How a Telemarketer should ask a prospect questions
Telemarketing is not an easy job, but if done correct businesses can gain valuable customers.
The power of telemarketing is building customer relationships, and mastering the art of speech and behavior. You need to know how to speak to different clientele, have your statements backed with facts, and you must be confident and assertive.
How can you get the most out of a conversation?
Ask the right questions and know what you want to say. What do you want to achieve from the conversation?
You need to be able to LISTEN to customer needs and attend to their questions. Finding out what your prospect is struggling with and what they need is step one of the telemarketing conversation.
You want to be able to:
Ask questions to obtain information
- Ask questions to find out the problems the prospects business is having
- Ask questions to see if you can pitch a solution
- Ask questions to have control of the conversation (keep it flowing)
- Ask more questions and gather further insight into their issues
As you can see from the list above, without asking questions you cannot get through the conversation, without putting the phone down and having useful information and more detailed background of the company and problems they are facing.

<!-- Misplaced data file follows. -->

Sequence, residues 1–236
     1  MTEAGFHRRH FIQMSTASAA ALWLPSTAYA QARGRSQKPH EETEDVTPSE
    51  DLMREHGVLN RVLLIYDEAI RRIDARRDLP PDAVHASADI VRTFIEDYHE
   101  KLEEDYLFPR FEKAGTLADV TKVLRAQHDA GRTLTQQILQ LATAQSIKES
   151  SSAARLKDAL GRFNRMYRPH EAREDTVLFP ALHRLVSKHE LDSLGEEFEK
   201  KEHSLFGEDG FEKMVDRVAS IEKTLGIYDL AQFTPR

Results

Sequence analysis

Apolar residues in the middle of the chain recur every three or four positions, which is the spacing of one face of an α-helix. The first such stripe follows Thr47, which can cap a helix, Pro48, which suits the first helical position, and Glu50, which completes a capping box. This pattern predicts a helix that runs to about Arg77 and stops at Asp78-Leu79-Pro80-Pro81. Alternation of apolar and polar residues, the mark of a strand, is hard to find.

Now, of course, the person you are speaking to will not disclose information they do not, or feel is not right to share with a stranger.
So, how do you build a good relationship over the phone and make your questions meaningful?
Closed Questions vs. Open Questions
There are two main types of questions used in lead generation:
- Closed Questions: These are questions that lead to yes or no answers. They can be good for getting definitive answers that don’t require much probing.
- Open Questions: These questions are asked for a more detailed and longer response. They are asked to obtain further information and to get an idea of what your prospects views and ideas are.
The best thing to do is to ask the closed questions first, so that you know which direction the conversation could be heading. You could be using questions like: “Do you currently use cloud computing?” and depending on the response you could follow it with an open question.
Say if the answer were yes, you could ask, “How are you currently finding it?” and if it is no, “What are your views around the use of cloud solutions?”
The idea is to grab you prospects attention and create a conversation. You want to find out you prospects views, have information to persuade them or encourage them to consider your product. But, most importantly ultimately, you need to be able to assess whether your product or service will be advantageous and useful to the customer.